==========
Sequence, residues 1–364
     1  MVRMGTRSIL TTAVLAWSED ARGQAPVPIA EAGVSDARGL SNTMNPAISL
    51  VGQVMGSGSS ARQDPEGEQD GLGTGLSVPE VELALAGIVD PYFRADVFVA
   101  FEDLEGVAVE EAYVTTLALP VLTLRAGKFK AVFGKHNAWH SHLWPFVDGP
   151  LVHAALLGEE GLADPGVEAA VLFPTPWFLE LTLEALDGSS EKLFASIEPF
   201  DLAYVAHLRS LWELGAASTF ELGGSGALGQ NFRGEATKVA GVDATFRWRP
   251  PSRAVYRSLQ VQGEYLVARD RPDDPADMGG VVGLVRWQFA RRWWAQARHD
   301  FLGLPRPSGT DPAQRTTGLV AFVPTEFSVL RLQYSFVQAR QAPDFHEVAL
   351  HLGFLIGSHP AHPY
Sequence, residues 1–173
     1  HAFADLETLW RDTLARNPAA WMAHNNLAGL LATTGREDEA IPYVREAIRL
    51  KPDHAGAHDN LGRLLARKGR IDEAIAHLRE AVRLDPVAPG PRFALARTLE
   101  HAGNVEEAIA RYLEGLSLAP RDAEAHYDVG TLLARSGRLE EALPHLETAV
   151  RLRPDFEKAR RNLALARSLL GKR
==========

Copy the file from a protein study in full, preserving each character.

Sequence, residues 1–364
     1  MVRMGTRSIL TTAVLAWSED ARGQAPVPIA EAGVSDARGL SNTMNPAISL
    51  VGQVMGSGSS ARQDPEGEQD GLGTGLSVPE VELALAGIVD PYFRADVFVA
   101  FEDLEGVAVE EAYVTTLALP VLTLRAGKFK AVFGKHNAWH SHLWPFVDGP
   151  LVHAALLGEE GLADPGVEAA VLFPTPWFLE LTLEALDGSS EKLFASIEPF
   201  DLAYVAHLRS LWELGAASTF ELGGSGALGQ NFRGEATKVA GVDATFRWRP
   251  PSRAVYRSLQ VQGEYLVARD RPDDPADMGG VVGLVRWQFA RRWWAQARHD
   301  FLGLPRPSGT DPAQRTTGLV AFVPTEFSVL RLQYSFVQAR QAPDFHEVAL
   351  HLGFLIGSHP AHPY
Sequence, residues 1–173
     1  HAFADLETLW RDTLARNPAA WMAHNNLAGL LATTGREDEA IPYVREAIRL
    51  KPDHAGAHDN LGRLLARKGR IDEAIAHLRE AVRLDPVAPG PRFALARTLE
   101  HAGNVEEAIA RYLEGLSLAP RDAEAHYDVG TLLARSGRLE EALPHLETAV
   151  RLRPDFEKAR RNLALARSLL GKR